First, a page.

Getting around

In this second part of two features, MANDY LATIMORE brings you the latest information on public transport.

Urban municipalities are all moving towards intermodal inclusive public transport systems that will include both motorised and non-motorised transport types and be universally accessible. To achieve this goal, planning has to start from information dissemination – websites need to provide specific information for people who require extra assistance.

BUSES

Bus Rapid Transit (BRT)

Gauteng has three systems currently in place – the Rea Vaya system that connects Soweto to Johannesburg city and the northern suburbs; the Areyeng system within Tshwane and a new system to be introduced in the Ekurhuleni municipal area.

Cape Town’s MyCiTi system is probably the most advanced BRT system in South Africa at the moment. The routes connect areas such as Khayelitsha, Atlantis and Blouberg with the city centre where there is a hop-on/hop-off tourist bus, which is included in the system.

Websites: www.reavaya.org.za;

www areyengtshwane.co.za; www.myciti.org.za

Standard municipal buses

Very few municipalities have accessible standard buses. Johannesburg Metro Bus has a couple on specific routes that run from Alexandra, Sandton, Naturena and Soweto to Johannesburg and one within Soweto. See www.joburg.org.za

George municipality has the gold standard for an accessible municipal bus service. The central service uses standard buses with ramps and the outer service provides accessible minibuses.

Long-distance buses

Most long-distance bus services do not have facilities to transport people with mobility impairments; however, some people with mobility impairments still use them because of cost constraints. It would be advisable to travel with your own assistant who knows how to lift and transfer you. Translux: www.translux.co.za; City Liner: www.cityliner.co.za; Greyhound: www.greyhound.co.za

TRAINS

Existing train tracks are the standard narrow gauge and therefore rolling stock is not wheelchair and mobility-aid accessible, with steep steps to enter the carriages and narrow passages. However, they may be accessible to ambulatory people with mobility impairment.   The newer commuter trains do have space at the entry doors to the carriages, but there is still no step-free access from the platforms.

Shosholoza Meyl is a long-distance passenger rail service with sleeper accommodation and dining facilities. There are communal ablution facilities at each end of the carriages. Passengers can rail their vehicles on the trains as well.

Routes include return routes from two hubs – Johannesburg to Cape Town, Durban, Port Elizabeth and East London, and Cape Town to Queenstown and East London.

See www.shosholozameyl.co.za

Metrorail Western Cape has issued the following statement with regards to facilities for people with disabilities: “Advise Metrorail of any special needs requirements by contacting the nearest ticket office. Staff will assist and offer advice regarding disabled assistance, which is available by prior arrangement.”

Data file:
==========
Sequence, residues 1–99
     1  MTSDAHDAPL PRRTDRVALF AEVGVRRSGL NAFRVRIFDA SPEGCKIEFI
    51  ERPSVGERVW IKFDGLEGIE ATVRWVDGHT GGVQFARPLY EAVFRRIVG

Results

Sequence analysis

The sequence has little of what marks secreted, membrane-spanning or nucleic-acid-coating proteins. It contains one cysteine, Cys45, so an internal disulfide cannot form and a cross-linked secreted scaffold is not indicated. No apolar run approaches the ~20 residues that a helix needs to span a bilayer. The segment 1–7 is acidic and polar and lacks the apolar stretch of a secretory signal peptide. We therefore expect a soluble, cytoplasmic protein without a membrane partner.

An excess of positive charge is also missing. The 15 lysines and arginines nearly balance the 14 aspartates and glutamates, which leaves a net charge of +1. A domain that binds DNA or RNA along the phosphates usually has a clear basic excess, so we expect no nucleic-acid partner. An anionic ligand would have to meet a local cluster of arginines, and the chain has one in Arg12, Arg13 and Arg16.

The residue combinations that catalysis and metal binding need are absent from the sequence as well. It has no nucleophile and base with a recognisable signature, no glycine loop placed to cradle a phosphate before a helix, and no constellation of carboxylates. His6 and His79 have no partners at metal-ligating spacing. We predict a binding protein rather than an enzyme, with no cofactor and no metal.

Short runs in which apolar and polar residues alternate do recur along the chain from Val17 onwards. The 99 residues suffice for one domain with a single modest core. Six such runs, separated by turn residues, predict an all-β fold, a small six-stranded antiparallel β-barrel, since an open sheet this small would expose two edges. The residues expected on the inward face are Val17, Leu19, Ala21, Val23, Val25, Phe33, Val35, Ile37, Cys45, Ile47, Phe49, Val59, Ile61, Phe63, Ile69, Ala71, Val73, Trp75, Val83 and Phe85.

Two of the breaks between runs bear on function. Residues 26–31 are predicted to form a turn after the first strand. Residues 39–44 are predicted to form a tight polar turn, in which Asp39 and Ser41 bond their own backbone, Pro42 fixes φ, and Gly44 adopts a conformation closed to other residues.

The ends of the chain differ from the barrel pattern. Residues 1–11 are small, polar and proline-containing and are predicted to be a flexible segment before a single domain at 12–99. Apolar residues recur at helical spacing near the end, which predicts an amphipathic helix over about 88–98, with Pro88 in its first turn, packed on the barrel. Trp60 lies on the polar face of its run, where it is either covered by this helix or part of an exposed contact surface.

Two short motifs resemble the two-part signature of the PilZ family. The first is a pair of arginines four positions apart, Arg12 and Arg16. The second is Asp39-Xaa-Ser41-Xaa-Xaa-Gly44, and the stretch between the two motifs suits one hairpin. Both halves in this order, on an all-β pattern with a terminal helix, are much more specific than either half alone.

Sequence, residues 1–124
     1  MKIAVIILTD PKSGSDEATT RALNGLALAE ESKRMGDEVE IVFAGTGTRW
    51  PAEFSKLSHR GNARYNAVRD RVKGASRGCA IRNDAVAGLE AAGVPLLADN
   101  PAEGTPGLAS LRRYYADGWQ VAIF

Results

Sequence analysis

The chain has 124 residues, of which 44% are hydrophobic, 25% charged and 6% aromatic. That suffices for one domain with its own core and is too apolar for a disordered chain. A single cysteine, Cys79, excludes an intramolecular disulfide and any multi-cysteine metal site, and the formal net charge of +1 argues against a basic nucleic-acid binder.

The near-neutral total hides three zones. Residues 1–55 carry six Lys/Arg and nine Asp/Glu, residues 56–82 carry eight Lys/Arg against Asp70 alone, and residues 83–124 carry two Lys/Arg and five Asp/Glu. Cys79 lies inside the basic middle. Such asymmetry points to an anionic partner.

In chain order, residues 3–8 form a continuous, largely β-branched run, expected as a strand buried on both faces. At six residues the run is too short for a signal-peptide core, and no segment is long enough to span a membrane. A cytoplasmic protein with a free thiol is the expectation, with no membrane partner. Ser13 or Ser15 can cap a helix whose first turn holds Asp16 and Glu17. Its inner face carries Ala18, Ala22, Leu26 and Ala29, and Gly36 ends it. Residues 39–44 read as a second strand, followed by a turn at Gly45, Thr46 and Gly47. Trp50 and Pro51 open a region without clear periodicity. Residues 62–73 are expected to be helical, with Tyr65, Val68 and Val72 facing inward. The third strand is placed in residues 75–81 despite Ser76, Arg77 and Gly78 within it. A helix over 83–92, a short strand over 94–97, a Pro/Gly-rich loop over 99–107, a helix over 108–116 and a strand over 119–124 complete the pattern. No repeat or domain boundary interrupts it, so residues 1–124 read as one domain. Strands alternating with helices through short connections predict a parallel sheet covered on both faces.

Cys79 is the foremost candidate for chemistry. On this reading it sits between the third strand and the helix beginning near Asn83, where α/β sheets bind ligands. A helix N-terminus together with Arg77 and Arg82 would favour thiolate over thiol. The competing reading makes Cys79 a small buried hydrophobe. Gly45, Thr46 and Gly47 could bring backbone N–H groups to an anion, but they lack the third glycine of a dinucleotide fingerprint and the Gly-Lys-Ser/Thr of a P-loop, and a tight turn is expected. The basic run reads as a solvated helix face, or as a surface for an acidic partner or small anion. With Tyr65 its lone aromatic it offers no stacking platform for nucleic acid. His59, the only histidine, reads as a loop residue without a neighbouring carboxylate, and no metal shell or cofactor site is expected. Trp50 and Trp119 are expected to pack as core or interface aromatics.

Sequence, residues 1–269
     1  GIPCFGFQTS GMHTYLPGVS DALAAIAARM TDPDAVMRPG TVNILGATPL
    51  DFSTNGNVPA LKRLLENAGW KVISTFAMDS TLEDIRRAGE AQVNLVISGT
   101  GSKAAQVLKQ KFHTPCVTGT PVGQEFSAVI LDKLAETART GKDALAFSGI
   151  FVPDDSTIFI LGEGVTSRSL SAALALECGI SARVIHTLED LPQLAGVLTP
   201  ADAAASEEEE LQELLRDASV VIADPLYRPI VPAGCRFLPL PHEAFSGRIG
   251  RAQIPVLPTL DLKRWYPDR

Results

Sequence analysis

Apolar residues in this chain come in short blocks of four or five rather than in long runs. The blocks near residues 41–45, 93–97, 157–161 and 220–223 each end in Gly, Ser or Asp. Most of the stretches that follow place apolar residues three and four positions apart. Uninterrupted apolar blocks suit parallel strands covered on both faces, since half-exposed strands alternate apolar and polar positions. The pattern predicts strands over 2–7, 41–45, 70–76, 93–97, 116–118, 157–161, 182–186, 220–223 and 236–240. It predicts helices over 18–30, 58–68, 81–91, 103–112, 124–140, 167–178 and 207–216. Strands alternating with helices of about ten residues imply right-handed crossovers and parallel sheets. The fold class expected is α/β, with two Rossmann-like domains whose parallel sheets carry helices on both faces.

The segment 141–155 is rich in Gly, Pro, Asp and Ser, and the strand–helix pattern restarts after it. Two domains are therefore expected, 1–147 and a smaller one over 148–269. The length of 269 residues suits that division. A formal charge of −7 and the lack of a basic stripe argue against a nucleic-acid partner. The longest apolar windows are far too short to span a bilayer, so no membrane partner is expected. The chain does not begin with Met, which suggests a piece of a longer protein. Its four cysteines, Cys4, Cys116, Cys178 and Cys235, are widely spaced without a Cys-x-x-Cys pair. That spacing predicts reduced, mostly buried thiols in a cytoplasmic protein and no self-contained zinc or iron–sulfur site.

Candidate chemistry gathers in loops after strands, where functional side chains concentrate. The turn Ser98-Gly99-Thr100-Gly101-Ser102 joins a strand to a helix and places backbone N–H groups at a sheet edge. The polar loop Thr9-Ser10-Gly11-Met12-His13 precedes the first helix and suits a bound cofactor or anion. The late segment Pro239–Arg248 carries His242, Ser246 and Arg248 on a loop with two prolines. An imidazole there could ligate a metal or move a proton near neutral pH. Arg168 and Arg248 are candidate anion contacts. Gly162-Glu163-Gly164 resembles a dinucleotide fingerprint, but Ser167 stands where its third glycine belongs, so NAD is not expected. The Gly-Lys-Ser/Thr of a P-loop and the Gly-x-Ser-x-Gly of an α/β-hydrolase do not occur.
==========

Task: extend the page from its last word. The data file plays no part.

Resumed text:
See www.capemetrorail.co.za

Gautrain

This rapid rail system has two routes, one south to north running from Park Station through Rosebank, Sandton, Marlborough, Midrand, Centurion and Pretoria to Hatfield. The second route runs west to east from Sandton, Marlborough and Rhodesfield to OR Tambo International Airport. There are shuttle bus services running into the surrounding suburbs from each station. The buses have very steep ramps for access, and therefore assistance is required.

See www.gautrain.co.za

MINIBUS TAXIS

This service is a difficult one to assess, as the taxis are privately owned and therefore difficult to regulate. Should you be able to convince a driver to load you and your wheelchair manually into the taxi, they will charge up to three times the standard fare, and there are no restraint systems and certainly no public liability insurance for passengers. The benefit of this service is that they are stationed outside every transport hub, shopping centre and public building, and will drop you off wherever you want along their routes.

METERED TAXIS

Most metered cab services are willing to assist wheelchair users provided that the individual is able to transfer out of their wheelchair into a standard seat. However, there are some wheelchair accessible vehicles (WAVs) that allow the passengers to travel in their wheelchairs.

Rikki’s Taxis in Cape Town, for example, has a UK-style taxi cab with ramps and tie-downs that allow for transport in your own wheelchair. See www.rikkis.co.za

UBER

The South African arm of this organisation is exploring the possibilities of an accessible service. For now, it does offer the self-transfer service. Uber works on a cash-free system, which requires you to register your details, including credit card information. When you call, you quote your “pin number” and the costs are automatically charged to your credit card. It is fast, efficient and user-friendly. You can download the app, sign up and request a ride in minutes.


Mandy Latimore is a consultant in the disability sector in the fields of travel and access. email: mandy@noveltravel.co.za

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